What are other ways consumers can be invited to be closer to the community and platform? Perhaps they'll be able to offer edit suggestions, and if those suggestions are approved by a sub-creator or IPO, then the consumer may get some kind of reimbursement for their input. Or, perhaps one of their comments inspire or encourage a creator. They may be eligible to receive something there too. It may be monetarily negligible, and it may not even be "points" but gifts of other natures. Some of this kind of thing has been exampled by Reddit or Gaia and it is obvious how popular those ways of interaction are. There's a lot of possibility for inviting consumers into creation processes, not to mention finished works.

Sooo, Making Money From This?

This would mainly come from easy contracts based off of "marketing power". Marketing power would essentially be a makeup of things like social media following, book sales and other relevant metrics to decide a person's final "Tier". This tier would then be compared to the combined, or averaged tiers of the IPOs the person is creating with to decide what their share of the proceeds would be.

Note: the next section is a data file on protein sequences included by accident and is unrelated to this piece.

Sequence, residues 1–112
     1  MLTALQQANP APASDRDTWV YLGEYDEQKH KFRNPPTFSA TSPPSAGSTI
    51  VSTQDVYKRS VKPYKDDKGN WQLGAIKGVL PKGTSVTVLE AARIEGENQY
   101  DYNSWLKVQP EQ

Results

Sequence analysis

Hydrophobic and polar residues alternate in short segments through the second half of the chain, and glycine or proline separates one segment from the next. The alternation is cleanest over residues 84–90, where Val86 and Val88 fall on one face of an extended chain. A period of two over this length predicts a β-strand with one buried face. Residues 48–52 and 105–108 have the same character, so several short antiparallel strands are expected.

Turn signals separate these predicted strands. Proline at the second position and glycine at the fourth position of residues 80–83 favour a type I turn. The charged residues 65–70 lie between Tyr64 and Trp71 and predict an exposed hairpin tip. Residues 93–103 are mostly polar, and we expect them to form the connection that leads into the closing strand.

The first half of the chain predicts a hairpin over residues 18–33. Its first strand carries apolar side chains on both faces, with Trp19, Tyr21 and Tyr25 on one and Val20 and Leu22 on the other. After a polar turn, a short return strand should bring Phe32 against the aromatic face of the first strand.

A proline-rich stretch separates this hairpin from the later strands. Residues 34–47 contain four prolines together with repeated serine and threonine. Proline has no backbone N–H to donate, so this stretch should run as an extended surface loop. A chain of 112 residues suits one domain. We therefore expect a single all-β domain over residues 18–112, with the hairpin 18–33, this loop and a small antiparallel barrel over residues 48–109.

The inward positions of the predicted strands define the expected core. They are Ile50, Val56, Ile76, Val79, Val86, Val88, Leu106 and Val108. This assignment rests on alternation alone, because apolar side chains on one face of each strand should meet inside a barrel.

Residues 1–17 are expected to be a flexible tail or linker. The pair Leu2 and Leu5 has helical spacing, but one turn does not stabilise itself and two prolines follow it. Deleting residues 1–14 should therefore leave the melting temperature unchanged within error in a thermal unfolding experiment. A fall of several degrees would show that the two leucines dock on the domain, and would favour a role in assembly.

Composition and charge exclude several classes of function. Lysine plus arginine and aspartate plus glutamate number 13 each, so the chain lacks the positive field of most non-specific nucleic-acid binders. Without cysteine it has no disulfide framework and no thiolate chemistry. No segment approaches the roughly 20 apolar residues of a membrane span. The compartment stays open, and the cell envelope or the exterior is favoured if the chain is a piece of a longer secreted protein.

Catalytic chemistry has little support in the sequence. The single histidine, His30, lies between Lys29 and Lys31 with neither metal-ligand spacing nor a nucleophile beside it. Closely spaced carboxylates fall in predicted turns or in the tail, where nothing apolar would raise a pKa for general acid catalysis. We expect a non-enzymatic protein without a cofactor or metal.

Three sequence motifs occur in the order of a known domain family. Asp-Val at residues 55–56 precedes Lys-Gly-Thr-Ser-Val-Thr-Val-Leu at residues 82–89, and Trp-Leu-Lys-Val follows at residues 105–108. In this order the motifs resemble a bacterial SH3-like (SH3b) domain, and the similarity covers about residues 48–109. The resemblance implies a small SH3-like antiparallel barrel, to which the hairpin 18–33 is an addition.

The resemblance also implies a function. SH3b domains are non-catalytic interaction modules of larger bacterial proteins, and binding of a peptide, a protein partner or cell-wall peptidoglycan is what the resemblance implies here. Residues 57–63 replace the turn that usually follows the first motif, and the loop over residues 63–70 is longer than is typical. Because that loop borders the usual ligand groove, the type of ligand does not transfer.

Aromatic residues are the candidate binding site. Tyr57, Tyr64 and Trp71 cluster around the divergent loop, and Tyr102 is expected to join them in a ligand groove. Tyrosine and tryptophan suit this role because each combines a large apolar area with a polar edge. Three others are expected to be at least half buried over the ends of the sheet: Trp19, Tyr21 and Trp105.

A person might have multiple works that all have different contracts. Perhaps those contracts are revisited every year. Those contracts would be refreshed and a person's tier, if changed, would reflect in a change of their share of the proceeds.

The Basic Example

John Doe has a combined social following of perhaps 250 people and has never sold a related product in his life. His tier would likely be "1". He creates in the world of Jane Doe and she has a tier of "20", she's really well-known and popular. The terms of the contract have Open Eppic taking say, a static percentage of 20% of the proceeds. It also says that sub-creators, at minimum, receive 20% and at maximum receive 60%. That goes for the IPO too. Because John Doe only has a tier of "1", he gets the minimum share of 20%. This is Open Eppic protecting the time and effort John has put into his creation, but also respecting the fact that Jane's popularity is being used by him. Fame is generally fleeting and difficult to acquire. Though John doesn't have much to gain monetarily by creating with Jane's elements, he has a lot to gain in popularity.

Dynamic Contracts

Now, let's say that John's creation gains him a good bit of attention. His following on Open Eppic increases to, say, 5,000. Maybe that increases his tier to "7". Not only does he get a better contract with Jane, maybe 30/50, he decides to create in the world of Ben Doe who also has a tier of "7". Since their tiers are the same, they split it right down the middle, 40/40.

Public Domain "IPOs"